“Clear rules make for secure children and calm rational parents. Clear principles of discipline and punishment balance mercy and justice so that social development and psychological maturity can be optimally promoted.”
Your role as a designer is to bring balance in that you should understand where to draw the line, you don’t have to be the hard-ass, the difficult to please guy, but you should always strive to create a win-win situation.
We can still make a profit for the company and push for the user’s interest in something that agrees with our ethics.
Have a set of rules, something you wouldn’t let yourself or others break.
Plan discipline prior to the problem. Know what you are going to do and make sure the company knows the consequences of the choices they’re willing to make too. Be consistent.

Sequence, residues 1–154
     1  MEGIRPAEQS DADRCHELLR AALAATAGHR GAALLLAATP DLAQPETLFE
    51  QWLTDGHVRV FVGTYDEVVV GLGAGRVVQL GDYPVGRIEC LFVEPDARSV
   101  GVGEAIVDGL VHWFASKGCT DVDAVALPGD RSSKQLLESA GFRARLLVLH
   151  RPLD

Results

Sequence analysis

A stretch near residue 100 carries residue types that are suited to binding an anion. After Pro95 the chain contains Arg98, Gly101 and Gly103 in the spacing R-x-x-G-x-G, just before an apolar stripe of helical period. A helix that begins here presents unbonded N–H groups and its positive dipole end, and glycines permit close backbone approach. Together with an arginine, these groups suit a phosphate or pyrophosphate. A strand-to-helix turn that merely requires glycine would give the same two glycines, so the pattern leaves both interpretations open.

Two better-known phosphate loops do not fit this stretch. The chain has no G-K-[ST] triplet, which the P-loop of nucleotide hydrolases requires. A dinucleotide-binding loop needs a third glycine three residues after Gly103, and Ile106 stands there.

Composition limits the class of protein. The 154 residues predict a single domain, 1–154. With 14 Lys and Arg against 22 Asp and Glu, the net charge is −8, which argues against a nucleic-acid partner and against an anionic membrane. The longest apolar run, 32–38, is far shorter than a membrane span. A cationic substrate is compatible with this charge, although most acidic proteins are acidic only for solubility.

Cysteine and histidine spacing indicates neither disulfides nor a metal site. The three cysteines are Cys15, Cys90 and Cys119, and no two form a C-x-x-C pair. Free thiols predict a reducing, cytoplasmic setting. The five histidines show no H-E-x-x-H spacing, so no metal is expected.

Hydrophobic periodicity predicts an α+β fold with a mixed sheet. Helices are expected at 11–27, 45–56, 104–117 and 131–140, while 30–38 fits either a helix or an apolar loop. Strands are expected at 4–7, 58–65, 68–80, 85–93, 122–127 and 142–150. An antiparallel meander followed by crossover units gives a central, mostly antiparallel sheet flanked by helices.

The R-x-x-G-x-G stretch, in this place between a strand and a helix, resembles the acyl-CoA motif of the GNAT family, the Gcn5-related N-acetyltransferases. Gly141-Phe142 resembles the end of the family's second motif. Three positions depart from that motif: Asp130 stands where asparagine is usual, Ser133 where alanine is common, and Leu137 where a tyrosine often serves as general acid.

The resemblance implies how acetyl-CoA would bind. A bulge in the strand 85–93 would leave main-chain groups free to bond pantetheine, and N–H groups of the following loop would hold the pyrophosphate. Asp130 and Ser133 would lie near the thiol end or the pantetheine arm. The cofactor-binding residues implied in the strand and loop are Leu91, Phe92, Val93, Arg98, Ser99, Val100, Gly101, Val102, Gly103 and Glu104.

- How many times did I just ‘let it go’ to avoid an argument, even when it felt wrong for my ethics?
- How is my company dealing with my own set of rules and does that match my idea of ethical work?
- How can I create the most win-win situations?
Actionable insight: Aim to create win-win situations and get good at making compromises.
- Book: Sell or Be Sold. Don’t be fooled by the catchy-salesy title of this book, it’s great and it could help you get your way without feeling you’ve screwed anyone over.
Don’t take my word for it, here’s a quick 20 minute audio summary of what the book is about.
6. Know your process before you criticise the world
When we judge or criticise another person, it says nothing about that person; it merely says something about our own need to be critical.
Jumping to conclusions is some people’s favourite sport.
When looking at someone else’s work, we don’t — almost always — know the context, the reason why it’s designed the way it is and why it works the way it works.